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Vel Tuturi Funeral Rites

Written by NatfromGameFire and bufiogarugi
The Vel Tuturi believe that, when an Actreine member of the Vel Tuturi dies, their spirit joins with a collective consciousness of spirits that is constantly under the protection of the Vel Ghiti. They call this death Enlightenment, believing that the spirits' knowledge joins together with the knowledge of the Vel Ghiti himself, allowing the dead to know everything about everything and everyone.
However, they believe that heretics' spirits are not as fortunate, disappearing forever and never being able to reach Enlightenment.

History

According to the Vel Tuturi History Tomes, this tradition has been in place since the days of the Vel To'ori.
Its origins are not known, as the original scrolls only had the simplest of references to the process itself. However, some speculate that perhaps it was meant to be a symbolic gesture. The Vel Tuturi creation myth states that the Actreines were created from a shard of ice and a tree. Perhaps this tradition was sparked by the realization that naturally-occurring forest fires will clear the forest of the trees that were not fit to survive, with their ashes helping to nourish the trees that survived the forest.

Execution

When a member of the Vel Tuturi dies, their body is brought to the nearest Vel Tuturi Church. After some brief prayer to the Vel Ghiti, the body is placed into a basin suspended from the ceiling. This basin has a small hole at the bottom with a grate on it. Underneath this hole is placed a large jar.
The body is then burnt by one of the church's mages. The ashes from the body fall through the grated hole and into the jar, which is moved back into storage with the other jars once the process is complete.
After this, the deceased's friends and family are free to mourn as they please. Many will often hold a memorial service at the deceased's home, where they will share the joyful memories they have of the person.

Components and tools

Every Vel Tuturi church has a large jar containing all of the ashes of its deceased members. This jar symbolizes the collective consciousness that is under the protection of the Vel Ghiti, and the wish of the mortals for the recently deceased to join the collective consciousness.

Participants

For the actual burning, only the clergy attend. Most commonly, it's a group of two or three priests/priestesses alongside a mage.
The memorial service, however, is usually attended by anyone the friends or family of the deceased invites. Sometimes the memorial services are entirely open to the public.

Afterwards

After the rites have been completed and the memorial service is over, it is common practice for the family and friends to carve the deceased's name into a tree nearby the house they'd lived in. This practice is extremely common in places where the same family has lived in the same town or village for several generations.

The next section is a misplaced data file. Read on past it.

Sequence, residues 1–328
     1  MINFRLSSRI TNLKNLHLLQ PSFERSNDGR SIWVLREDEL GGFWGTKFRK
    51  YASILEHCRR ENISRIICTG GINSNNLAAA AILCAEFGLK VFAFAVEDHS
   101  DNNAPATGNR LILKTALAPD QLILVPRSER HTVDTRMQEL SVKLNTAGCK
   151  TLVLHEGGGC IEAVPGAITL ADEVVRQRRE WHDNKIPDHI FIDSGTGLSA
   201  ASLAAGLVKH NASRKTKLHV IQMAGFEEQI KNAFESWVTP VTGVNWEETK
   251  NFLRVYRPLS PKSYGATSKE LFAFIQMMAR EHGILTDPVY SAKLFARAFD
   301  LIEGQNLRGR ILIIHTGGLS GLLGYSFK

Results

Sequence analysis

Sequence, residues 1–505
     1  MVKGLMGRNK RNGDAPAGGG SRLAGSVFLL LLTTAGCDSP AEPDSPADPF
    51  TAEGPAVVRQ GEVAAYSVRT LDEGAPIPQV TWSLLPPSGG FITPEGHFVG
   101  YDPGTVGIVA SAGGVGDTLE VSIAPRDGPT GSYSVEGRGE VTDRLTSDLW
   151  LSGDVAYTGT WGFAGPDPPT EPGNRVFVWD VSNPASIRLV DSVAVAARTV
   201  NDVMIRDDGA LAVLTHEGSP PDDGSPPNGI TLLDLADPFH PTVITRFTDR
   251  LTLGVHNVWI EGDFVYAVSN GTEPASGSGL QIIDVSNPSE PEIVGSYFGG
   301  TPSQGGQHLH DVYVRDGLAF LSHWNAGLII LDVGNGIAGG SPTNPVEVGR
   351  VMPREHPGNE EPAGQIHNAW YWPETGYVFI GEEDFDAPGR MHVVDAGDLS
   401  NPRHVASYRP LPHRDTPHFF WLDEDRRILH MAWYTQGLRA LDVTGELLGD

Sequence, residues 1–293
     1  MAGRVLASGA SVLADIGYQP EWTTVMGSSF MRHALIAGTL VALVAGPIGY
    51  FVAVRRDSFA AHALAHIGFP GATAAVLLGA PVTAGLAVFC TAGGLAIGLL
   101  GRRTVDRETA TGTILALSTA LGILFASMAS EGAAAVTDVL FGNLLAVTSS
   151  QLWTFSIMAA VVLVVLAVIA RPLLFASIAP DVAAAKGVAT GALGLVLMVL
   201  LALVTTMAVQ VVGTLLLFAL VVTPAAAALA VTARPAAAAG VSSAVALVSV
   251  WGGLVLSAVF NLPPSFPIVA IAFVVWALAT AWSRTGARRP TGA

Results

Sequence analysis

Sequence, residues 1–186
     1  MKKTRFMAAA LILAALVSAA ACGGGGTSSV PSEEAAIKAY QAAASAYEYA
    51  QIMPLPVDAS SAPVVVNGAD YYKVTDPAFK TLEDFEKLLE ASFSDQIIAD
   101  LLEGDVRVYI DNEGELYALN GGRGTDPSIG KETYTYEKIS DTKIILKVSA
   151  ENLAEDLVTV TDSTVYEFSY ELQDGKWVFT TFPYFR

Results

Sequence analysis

Of course, this is not the only way that the deceased continue to be remembered after death. Some families will write letters to the deceased on the anniversary of their death, burning the letters in an annual gathering in the hopes that the deceased will be able to receive the message. Others keep a large book, writing the stories of the family members' lives in them page by page, including when and how they died. Still others simply tell the stories to the next generation of family members, imploring them to tell the stories to their descendants.
Translations Vel Tuturi: Pure Followers (The official religion of Actrein)
Vel Ghiti: Pure Savior (The god of the Vel Tuturi)
Vel To'ori: Pure Ancients (The predecessors to the Vel Tuturi)

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Comments

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11 Jul, 2018 22:33

Cool! I like the afterwards part (though it's showing up really dim on my screen for some reason?) and how the beliefs about the afterlife tie into the ritual itself

12 Jul, 2018 00:47

That's weird, the Afterwards section shows up fine on my screen.
But yeah, I figured it only makes sense that their after-death rituals tie into the beliefs they have about the world and about what happens after death.
Glad you liked the article!
(Re-commented because silly website decided to put my reply as its own comment.)

12 Jul, 2018 00:49

...Annnnd now it's working.   Apparently complaining about a problem magically fixes things :P

12 Jul, 2018 01:17

Apparently. Percussive maintenance?

12 Jul, 2018 02:26

This is a very compelling read. I love how they memorialize their dead, in particular. The concept of their afterlife kind of reminds me of one of the branches of Buddhism that I studied in my World Religions class. Unfortunately, I can't quite remember which one at this time.

12 Jul, 2018 07:10

Thanks!
Almost entirely a coincidence, really. After I wrote it I realized "wait a minute, this sounds familiar..."

12 Jul, 2018 03:17

Very intriguing! I enjoy how you tied it into nature, and the nurishment concept of returning to the ground to replish the trees.

12 Jul, 2018 07:11

Yeah, I'm thinking it might lead into some people viewing their deceased friends/family as maybe guardian angels or protective spirits. Nowhere near the level of the Vel Ghiti, they wouldn't be deities. But friendly protective spirits.

12 Jul, 2018 04:22

I enjoyed reading this, it reminds me that funerals are a sombre occasion but not ones without grace and purpose. Fantastic work, Nat!

12 Jul, 2018 07:14

Thanks!
And yeah, it's a time of mourning the loss of a loved one, but also a time of remembering why they were a loved one, the happy memories you had with them. And in a lot of religions, there's the hope for one day reuniting with them in the afterlife.